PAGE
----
Political Correctness Pushing Military Leaders to Build Fires

By Col. Robert Harvey, USAF (Ret.), Guest Writer

Led by U.S. Senators Claire McCaskill (D-Mo.) and Kirsten Gillibrand (D-N.Y.), political correctness is bullying its way into our military in the name of protecting women.  Sadly, the changes to the military justice system being advanced by these women are designed specifically to convict more men accused of sexual assault without regard for the truth.

McCaskill - Gillibrand The senators’ proposed changes include stripping military commanders of their authority to dismiss convictions during the clemency process.  Commanders would still be “permitted” to review cases, but prohibited from dismissing them.  In other words, commanders would only act as “rubber stamps” if the proposed changes are approved.

The senators want to mandate dishonorable discharge/dismissal for sexual assault.  Strong punishments for sure, but they can deny servicemen retirement benefits previously earned during lengthy and otherwise honorable service.  Currently, court-martial panel members (a.k.a., “jurors”) decide, along with other punishments, whether or not to strip retirement benefits.  In turn, those decisions are reviewed by commanders.  While dishonorable discharge/dismissal may be warranted in aggravated or violent cases of sexual assault, the same punishment for something the military now describes simply as “unwanted touching” — something that’s not even considered a crime outside the military — would be cruel and unusual punishment.  Leave the sentencing to the jury!

The senators want to require input from victims during clemency hearings.  A clemency hearing is a post-conviction review by the commander.  During this post phase, the commander conducts a review and either approves or reduces the sentence.  He cannot, however, increase the sentence.  The requirement for a victim to provide input during clemency would be redundant.  Victims can speak as witnesses during trials, and they’re afforded opportunities to speak during sentencing.  What more would the senators like them to be able to say?

The senators want victims to be able to read letters of support for the defendant and respond to them.  Again, why? Just so the victim can have the last word?  Since the senators want commanders to be nothing more than “rubber stamps,” why have this (or clemency) at all?  In all probability, this idea stems from a case the senators disagree with that involved a commander dismissing a conviction.  In other words, the senators are acting like spoiled kids when they don’t get their way.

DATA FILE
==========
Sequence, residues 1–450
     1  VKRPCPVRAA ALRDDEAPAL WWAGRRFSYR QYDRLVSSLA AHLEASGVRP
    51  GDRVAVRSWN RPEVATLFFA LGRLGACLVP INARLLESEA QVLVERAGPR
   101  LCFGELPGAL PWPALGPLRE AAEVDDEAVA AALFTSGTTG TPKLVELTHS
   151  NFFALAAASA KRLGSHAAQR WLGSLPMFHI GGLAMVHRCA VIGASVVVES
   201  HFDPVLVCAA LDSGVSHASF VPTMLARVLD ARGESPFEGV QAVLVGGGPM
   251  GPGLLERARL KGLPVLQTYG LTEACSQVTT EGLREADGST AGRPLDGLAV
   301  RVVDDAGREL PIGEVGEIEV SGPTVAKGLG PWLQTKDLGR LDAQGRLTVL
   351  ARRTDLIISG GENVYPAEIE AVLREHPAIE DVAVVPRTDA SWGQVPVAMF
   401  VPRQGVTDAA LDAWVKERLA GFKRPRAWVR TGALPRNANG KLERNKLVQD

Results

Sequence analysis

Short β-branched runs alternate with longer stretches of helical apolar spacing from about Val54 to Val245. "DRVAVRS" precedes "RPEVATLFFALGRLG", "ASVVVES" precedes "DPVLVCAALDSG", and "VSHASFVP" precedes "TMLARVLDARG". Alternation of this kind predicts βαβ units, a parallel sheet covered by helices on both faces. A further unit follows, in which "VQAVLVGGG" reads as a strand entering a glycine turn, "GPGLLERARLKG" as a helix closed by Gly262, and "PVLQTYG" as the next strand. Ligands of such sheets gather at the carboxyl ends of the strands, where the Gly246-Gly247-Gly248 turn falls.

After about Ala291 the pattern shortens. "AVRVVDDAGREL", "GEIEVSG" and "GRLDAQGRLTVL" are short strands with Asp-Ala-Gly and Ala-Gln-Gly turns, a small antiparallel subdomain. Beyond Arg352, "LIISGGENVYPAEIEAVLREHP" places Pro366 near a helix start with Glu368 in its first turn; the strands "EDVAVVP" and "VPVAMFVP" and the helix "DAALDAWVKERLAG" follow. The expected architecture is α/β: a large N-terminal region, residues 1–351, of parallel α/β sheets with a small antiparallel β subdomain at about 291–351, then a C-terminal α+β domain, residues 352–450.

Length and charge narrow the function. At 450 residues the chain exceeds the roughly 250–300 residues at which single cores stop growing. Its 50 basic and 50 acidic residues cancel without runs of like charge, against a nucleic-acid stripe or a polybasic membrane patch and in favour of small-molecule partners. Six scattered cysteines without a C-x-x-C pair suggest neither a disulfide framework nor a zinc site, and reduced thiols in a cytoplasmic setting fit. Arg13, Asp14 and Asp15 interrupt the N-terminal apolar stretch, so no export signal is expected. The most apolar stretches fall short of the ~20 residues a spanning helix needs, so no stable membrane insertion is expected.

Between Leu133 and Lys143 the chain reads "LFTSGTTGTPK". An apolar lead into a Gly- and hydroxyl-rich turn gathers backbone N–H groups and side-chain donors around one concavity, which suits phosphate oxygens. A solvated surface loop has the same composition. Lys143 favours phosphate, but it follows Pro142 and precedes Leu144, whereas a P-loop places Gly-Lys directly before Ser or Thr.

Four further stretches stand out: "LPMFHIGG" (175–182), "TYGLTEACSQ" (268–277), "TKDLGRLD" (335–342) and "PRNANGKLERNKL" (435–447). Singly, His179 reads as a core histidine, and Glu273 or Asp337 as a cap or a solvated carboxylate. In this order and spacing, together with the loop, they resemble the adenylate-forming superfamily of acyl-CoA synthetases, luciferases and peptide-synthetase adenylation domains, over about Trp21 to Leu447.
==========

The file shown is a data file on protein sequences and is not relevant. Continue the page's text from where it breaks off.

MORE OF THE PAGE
The senators want to “make it clear commanders failing to address sexual assaults should be relieved of command.” This is troubling — a direct threat to any commander who considers not pressing every case to court martial, regardless of the evidence.  In other words, if Senators McCaskill and Gillibrand do not get their way, the commander gets fired.

Recently, a two-star Army general in Japan was relieved of duty, because his higher ups did not believe he adequately pursued an assault case.  Now, the de facto policy in the Army is that every case goes to court-martial or the commander gets fired. This sets a very serious precedent that sweeps aside any effort at truth or justice in favor of a political agenda.

Blackstone QuoteAs if threatening their careers is not enough, another push is underway to force commanders to send cases to court-martial regardless of the available evidence.  The senators want to include this provision: “Commanders retain ability to refer cases for court martial in consultation with legal counsel—including when prosecutors decline.”

Why would a commander insist a case proceed to court-martial after prosecutors decline to recommend that option?  This provision, along with threats of being fired, will encourage commanders to do just that.  At the same time, it confirms the senators’ joint goal is to force each case to trial regardless of the evidence or strength of the case.